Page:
New Housing Issue Complicates R.I.’s Solar-Siting Plans
Developers upset they are losing land to ground-mounted solar projects
June 13, 2019
PROVIDENCE — The already-controversial issue of open-space protection and solar sprawl is getting more complex.
On May 29, the Senate Committee on the Environment and Agriculture passed a bill (S0661) to the Senate floor that requires solar-siting standards for every city and town in Rhode Island. The bill, however, has yet to be scheduled for a vote by the full Senate.
Committee chairwoman Susan Sosnowski, D-South Kingstown, amended her bill to what she called “a pared-down version” of the original legislation. Gone from the bill is a10-megawatt cap for solar projects on land zoned residential. Also cut was a 4-megawatt limit on projects in areas of environmental concern, which are typically 250 acres or more of forestland. Incentives for building solar in less environmentally sensitive locations such as a commercial properties, landfills, gravel pits, and brownfields were removed.
A controversial requirement, added at the request of home-builders, was also removed. The stipulations required municipalities to replace land converted to ground-mounted solar by setting aside new land zoned for residential development.
All that remains in the Senate bill is a requirement that every city and town establish solar-siting rules by April 30, 2020. Failing to do so would result in the community losing use of two state solar incentives, the Renewable Energy Growth Program and the Renewable Energy Fund. The prohibition would only apply to projects larger the 25 kilowatts, which is the size of a large residential solar installation.
The future of the Senate bill and a House version (H5789), which still contains all of the proposed restrictions and incentives, seems less certain as the General Assembly nears the end of June, the traditional end of the legislative session.
What may pass is a Senate study commission to address the issue of housing lost to solar development. Sosnowski said housing received little attention during the nearly two years an advisory group of 37 stakeholders, led by the Office of Energy Resources (OER), has been debating solar siting. The ongoing effort included a dozen public meetings. Now some municipalities and developers are troubled about losing land that could be used to build new homes, Sosnowski said.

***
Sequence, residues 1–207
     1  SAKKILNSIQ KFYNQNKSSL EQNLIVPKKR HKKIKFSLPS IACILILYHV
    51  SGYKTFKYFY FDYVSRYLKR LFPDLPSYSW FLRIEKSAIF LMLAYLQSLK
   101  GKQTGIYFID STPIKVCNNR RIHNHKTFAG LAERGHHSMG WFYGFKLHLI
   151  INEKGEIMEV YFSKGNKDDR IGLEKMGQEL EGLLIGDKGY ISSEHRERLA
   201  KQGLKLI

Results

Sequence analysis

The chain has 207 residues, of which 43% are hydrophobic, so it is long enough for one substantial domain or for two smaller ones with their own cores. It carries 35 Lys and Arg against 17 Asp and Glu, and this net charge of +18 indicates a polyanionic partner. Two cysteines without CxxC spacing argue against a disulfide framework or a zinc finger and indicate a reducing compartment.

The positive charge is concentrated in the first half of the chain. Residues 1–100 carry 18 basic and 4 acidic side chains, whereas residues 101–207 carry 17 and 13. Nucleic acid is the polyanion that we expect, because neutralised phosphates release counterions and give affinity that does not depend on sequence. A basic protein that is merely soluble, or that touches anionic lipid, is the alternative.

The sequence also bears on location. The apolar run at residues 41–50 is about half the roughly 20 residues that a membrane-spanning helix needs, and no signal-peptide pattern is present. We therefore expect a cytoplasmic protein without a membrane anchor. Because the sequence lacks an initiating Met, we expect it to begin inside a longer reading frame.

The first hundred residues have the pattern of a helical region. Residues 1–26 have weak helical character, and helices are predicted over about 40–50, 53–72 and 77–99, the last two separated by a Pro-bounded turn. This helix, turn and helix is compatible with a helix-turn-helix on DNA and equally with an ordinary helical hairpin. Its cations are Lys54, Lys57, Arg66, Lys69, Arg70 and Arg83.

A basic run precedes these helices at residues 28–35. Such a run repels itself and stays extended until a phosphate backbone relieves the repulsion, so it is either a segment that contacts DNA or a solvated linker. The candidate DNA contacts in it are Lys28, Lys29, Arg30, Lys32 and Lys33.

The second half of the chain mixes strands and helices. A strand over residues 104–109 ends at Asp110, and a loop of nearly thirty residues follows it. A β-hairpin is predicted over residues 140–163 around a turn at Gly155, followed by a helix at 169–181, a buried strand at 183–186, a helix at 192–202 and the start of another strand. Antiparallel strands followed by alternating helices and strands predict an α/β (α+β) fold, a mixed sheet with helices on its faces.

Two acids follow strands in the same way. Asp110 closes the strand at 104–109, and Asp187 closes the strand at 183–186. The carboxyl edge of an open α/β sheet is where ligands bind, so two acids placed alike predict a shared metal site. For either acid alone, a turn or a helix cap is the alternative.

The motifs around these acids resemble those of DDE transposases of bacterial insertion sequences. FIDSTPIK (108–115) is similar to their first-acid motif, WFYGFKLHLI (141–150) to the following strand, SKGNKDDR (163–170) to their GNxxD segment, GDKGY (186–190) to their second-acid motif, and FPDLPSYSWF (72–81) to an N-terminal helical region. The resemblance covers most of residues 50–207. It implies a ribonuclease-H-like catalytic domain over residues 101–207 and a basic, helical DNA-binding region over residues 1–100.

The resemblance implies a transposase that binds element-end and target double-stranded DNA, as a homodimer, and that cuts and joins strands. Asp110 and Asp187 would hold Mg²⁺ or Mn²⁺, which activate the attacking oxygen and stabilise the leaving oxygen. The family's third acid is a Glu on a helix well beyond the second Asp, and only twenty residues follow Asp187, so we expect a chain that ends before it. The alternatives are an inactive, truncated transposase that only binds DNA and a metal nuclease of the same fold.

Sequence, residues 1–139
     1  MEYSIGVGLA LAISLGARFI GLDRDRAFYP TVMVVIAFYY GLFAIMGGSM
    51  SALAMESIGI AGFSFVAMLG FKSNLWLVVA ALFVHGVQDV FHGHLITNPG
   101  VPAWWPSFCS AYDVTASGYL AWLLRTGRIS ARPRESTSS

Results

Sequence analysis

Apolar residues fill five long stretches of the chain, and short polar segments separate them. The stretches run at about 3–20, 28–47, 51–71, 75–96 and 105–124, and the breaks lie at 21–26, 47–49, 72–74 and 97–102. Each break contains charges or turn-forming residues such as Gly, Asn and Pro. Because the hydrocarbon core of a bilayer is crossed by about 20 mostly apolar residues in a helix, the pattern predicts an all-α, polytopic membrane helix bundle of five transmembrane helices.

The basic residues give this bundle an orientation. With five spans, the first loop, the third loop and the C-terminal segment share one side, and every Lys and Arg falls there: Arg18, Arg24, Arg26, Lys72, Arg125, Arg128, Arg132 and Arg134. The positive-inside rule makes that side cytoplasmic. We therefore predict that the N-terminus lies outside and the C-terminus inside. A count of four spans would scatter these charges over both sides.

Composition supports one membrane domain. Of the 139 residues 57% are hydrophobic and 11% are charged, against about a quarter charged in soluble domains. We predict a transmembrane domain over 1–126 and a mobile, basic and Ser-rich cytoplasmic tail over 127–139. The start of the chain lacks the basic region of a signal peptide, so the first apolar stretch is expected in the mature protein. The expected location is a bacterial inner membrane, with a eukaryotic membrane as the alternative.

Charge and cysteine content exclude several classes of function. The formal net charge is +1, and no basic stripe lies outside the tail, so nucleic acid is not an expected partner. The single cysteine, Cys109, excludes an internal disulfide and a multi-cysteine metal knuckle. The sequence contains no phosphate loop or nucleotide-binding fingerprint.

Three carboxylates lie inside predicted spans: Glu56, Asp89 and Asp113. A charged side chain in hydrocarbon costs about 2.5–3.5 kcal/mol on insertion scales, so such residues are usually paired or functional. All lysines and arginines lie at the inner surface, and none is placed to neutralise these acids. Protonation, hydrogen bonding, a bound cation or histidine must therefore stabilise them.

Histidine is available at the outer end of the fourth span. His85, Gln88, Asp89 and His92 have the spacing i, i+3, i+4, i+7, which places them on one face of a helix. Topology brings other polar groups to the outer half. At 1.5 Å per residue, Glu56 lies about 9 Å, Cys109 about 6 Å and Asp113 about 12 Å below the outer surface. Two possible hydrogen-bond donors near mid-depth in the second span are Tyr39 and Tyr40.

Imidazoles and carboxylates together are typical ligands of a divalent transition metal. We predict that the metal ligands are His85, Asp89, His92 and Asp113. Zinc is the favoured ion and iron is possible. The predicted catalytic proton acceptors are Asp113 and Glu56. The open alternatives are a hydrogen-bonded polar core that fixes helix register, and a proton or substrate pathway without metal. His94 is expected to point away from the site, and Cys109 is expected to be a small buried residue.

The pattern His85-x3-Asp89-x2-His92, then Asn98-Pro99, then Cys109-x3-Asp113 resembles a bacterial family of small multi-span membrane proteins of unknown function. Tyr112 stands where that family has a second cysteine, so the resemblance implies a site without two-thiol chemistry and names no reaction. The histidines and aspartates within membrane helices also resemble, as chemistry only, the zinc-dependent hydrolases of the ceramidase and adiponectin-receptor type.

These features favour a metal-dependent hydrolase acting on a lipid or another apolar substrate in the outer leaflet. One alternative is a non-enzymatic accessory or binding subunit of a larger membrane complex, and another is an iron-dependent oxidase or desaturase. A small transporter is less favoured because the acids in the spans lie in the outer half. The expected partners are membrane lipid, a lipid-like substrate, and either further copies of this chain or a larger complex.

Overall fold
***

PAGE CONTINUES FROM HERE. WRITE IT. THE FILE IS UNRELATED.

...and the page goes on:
A bill creating the study commission hasn’t been introduced, but Sosnowski said at the May hearing that a Senate panel would be formed to “address how housing in our community is being displaced by renewable-energy projects. … It’s a very important issue on both sides, both sides.”
As of May, at least 20 cities and towns in Rhode Island have set rules for solar installations, while 19 lack solar siting ordinances, according to OER.
Some communities are rewriting ordinances after learning they can’t control solar sprawl. Developers are skirting a rule that limits solar projects to 10 megawatts of electricity capacity by subdividing a single parcel into separate solar projects, each below the 10-megawatt threshold. In North Smithfield, the loophole is being used to split a proposed 43-megawatt solar facility on a 400-acre site into nine contiguous projects.
Hopkinton, a rural community at the epicenter of the solar-siting debate, has a stringent solar-building ordinance, but it’s being circumvented by developers who receive zoning exemptions from the planning board. Other communities such as Cranston and Tiverton are wrestling with temporary moratoriums on solar construction.
Groups like Grow Smart Rhode Island are calling for the state to do the planning for open-space protection. They advocate for so-called “smart growth” municipal planning, such as the provision in the House bill that offers incentives for building in commercial areas and on brownfield sites. Scott Millar, manager of community technical assistance for Grow Smart Rhode Island, favors an approach used by Vermont, where the state designated sites for solar development.
Millar wants a statewide moratorium on all ground-mounted solar projects 1 megawatt or larger in size and zoned for residential sites.
“Those are the projects that are creating the most environmental problems,” Millar said.
The solar-siting bills have created a rift among environmental groups, many of whom serve on the OER’s solar advisory board. They are at odds over the loss of open space and forests and the need for renewable energy to curb climate emissions. The Conservation Law Foundation, The Nature Conservancy, the Northeast Clean Energy Council, and the Acadia Center see the bill as much-needed action this year that will stem the loss of woodlands.
In addition to Grow Smart Rhode Island, the bills are opposed by Save The Bay, the Rhode Island Tree Council, and the Rhode Island Chapter of the American Planning Association. These groups say the bills fail to curb the power-pricing incentives, such as virtual net metering, that result in clearing trees to build solar facilities in natural habitat.
“Instead, meaningful incentives should be provided to encourage subsequent solar in areas that have already been developed or disturbed,” Millar said.
But the Acadia Center say communities are overwhelmed with solar projects and urgently need help to address the deluge of projects.
“We’re still very much urging more comprehensive action on solar siting this year,” said Erika Niedowski, Rhode Island director for the Acadia Center. “The status quo is not serving anyone well.”
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